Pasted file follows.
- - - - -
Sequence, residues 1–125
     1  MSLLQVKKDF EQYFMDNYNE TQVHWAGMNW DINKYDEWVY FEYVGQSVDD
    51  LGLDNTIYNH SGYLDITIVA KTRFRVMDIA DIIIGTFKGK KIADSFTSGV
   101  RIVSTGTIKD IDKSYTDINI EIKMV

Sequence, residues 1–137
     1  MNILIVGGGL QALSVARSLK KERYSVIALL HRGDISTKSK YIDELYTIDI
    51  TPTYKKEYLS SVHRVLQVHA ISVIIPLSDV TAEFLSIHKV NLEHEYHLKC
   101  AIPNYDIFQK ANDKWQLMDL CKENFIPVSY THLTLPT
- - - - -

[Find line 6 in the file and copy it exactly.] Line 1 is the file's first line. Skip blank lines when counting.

     1  MNILIVGGGL QALSVARSLK KERYSVIALL HRGDISTKSK YIDELYTIDI